HOUSTON — Hundreds of low-level, mentally ill offenders cycle in and out the Harris County jail each year. A first-of-its-kind program in Texas, though, is cutting costs and cutting out punishment.
One pale pink and cream midtown mid-rise tantalizes town commissions in charge of crowded, expensive jails around Texas.
They see Harris County booking hundreds fewer offenders since the Judge Ed Emmett Mental Health Diversion Center opened in September 2018.
Its cost includes allowing people with mental illness who commit non-violent offenses to skip jail. They are offered space in the 28-bed diversion center, counseling and case workers to prevent the person arrested from cycling in and out jail.
“Instead of giving police a hammer to deal with the problem, you’re giving them a scalpel and at least the opportunity for people to get help and stop re-offending,” District Attorney Kim Ogg said.
Police arrested Angela Bowyer for trespassing Dec. 19, 2018.
“I was wanting to go to jail for a warm bed but I ended up in a program that changed my life,” she said.
Bowyer was a methamphetamine addict. She is also bipolar with post-traumatic stress but did not know it when arrested.
At the time, Bowyer used meth between trips to drug houses. That is where officers caught her trespassing.
In 2016, 85 percent of people booked on that charge had mental illness or were homeless, according to research published by The Harris Center for Mental Health and IDD. 596 offenders repeated their crime. Some went to jail more than 20 times, according to prosecutors.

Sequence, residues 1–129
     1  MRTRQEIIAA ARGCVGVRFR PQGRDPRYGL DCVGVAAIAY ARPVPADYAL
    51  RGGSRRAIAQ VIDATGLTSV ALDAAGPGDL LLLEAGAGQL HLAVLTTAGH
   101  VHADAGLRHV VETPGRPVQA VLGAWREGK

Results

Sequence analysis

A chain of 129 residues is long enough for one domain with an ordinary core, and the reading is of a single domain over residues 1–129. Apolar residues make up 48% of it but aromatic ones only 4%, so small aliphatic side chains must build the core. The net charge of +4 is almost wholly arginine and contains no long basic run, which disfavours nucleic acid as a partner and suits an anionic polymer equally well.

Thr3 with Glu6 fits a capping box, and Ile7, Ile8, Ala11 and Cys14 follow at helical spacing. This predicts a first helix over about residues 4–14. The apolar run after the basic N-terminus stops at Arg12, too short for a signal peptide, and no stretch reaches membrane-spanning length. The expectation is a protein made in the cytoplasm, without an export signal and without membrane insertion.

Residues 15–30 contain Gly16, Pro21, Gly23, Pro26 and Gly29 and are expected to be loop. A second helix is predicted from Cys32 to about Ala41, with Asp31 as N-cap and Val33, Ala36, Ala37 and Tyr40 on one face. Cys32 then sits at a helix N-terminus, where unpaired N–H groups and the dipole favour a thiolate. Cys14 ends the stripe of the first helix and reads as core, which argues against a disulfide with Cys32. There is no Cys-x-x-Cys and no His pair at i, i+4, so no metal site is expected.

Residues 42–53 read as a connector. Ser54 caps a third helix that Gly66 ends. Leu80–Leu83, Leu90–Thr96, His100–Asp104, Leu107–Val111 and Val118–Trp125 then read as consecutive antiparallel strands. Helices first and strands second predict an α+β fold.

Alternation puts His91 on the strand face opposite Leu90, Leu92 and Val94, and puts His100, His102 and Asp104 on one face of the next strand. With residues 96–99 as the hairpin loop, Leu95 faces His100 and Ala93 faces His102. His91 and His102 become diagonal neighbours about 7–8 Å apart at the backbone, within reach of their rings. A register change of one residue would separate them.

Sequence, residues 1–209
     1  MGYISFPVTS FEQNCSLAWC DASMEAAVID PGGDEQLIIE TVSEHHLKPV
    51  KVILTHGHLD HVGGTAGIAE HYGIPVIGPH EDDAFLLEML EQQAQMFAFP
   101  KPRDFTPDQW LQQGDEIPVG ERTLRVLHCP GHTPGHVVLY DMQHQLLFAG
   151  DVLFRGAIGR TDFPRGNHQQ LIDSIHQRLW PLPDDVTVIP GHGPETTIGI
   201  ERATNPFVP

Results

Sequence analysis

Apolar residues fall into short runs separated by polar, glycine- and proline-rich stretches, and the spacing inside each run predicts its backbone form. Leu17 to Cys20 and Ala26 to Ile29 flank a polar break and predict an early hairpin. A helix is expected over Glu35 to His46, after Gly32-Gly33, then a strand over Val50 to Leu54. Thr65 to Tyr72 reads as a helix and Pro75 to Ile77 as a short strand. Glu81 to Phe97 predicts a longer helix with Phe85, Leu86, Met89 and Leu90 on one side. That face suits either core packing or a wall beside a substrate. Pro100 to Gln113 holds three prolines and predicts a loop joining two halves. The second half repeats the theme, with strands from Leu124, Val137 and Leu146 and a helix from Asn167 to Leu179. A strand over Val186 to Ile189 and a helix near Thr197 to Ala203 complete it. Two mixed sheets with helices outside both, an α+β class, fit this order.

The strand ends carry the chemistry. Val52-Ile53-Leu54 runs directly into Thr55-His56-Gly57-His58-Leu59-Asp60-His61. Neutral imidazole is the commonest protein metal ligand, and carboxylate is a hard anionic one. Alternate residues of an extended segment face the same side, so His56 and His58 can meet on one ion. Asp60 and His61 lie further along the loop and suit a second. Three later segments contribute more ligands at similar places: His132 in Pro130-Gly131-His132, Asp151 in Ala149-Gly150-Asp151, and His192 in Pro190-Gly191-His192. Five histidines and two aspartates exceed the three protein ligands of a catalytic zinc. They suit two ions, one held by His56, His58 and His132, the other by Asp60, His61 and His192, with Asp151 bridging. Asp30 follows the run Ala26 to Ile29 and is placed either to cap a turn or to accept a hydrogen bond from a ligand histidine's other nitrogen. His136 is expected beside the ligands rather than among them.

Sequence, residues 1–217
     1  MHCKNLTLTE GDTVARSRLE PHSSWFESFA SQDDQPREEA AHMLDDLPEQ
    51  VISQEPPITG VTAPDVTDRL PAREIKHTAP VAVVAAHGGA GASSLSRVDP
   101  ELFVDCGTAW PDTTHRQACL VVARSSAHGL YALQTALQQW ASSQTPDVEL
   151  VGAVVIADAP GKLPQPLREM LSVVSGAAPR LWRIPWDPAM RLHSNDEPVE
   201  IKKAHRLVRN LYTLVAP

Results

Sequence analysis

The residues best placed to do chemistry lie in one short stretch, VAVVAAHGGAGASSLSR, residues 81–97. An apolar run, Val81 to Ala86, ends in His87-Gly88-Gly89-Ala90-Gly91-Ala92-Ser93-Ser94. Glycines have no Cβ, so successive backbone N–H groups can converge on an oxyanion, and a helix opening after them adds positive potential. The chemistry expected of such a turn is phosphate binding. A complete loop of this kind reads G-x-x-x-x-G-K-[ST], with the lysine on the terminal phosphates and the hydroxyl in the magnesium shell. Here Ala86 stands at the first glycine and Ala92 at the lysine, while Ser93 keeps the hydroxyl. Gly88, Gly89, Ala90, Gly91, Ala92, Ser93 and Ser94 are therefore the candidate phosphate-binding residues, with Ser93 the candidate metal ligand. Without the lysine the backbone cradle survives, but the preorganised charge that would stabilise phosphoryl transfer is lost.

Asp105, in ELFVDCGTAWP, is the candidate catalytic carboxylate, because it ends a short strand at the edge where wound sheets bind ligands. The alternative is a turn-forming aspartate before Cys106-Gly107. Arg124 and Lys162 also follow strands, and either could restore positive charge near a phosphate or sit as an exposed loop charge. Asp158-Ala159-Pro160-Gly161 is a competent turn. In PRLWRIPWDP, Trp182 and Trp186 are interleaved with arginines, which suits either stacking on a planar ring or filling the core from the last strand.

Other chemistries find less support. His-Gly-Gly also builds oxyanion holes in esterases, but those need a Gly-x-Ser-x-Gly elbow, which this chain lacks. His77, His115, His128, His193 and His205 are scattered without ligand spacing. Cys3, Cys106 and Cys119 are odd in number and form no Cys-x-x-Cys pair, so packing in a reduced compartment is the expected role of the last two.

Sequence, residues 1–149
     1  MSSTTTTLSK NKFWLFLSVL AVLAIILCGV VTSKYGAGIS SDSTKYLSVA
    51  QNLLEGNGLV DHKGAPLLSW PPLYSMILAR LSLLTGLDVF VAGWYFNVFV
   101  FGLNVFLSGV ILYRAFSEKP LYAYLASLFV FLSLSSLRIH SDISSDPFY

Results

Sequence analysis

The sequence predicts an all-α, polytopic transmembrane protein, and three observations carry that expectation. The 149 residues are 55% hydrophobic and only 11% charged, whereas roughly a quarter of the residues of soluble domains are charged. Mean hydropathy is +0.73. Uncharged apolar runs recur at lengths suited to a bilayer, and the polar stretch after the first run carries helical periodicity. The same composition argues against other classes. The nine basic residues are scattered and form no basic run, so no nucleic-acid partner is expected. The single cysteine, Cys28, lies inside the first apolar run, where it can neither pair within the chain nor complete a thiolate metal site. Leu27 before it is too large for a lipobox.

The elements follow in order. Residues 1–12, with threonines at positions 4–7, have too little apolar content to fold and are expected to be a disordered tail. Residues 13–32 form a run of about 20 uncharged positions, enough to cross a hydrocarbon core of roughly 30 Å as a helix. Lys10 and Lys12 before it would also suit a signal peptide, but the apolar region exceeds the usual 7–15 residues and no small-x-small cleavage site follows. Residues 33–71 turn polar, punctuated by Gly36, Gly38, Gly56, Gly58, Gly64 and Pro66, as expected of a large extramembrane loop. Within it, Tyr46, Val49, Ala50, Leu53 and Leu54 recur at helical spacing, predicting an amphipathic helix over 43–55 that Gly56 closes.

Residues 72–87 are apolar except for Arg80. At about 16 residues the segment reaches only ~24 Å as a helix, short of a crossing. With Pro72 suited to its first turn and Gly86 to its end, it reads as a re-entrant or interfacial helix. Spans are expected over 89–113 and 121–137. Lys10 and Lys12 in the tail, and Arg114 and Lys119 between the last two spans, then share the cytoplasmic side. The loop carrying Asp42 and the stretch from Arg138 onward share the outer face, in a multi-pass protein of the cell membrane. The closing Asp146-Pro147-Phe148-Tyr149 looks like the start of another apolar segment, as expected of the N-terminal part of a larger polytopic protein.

“The best path for long-term success for them is through treatment not through punishment,” said Wayne Young, CEO of The Harris Center for Mental Health and IDD. “I don’t think putting them in jail for trespassing is going to change the fact that they’re homeless or seriously mentally ill or haven’t taken their medication for a long time.”
Young and Ogg said county Republicans and Democrats teamed up to build the program. The Harris Center and county commission use two grants from the state totaling $7 million to pay for housing, case workers, counseling and medical treatment.
More than half -- 53 percent -- of people in the program have not been arrested again, Young said.
10 months into her treatment, Bowyer has a job, her own apartment and regained custody of her 11-year-old son.
In her purse, she also keeps a photo of former herself snapped at the center the day Bowyer got arrested. She appeared frail. It is a reminder of how much her life changed, Bowyer said.
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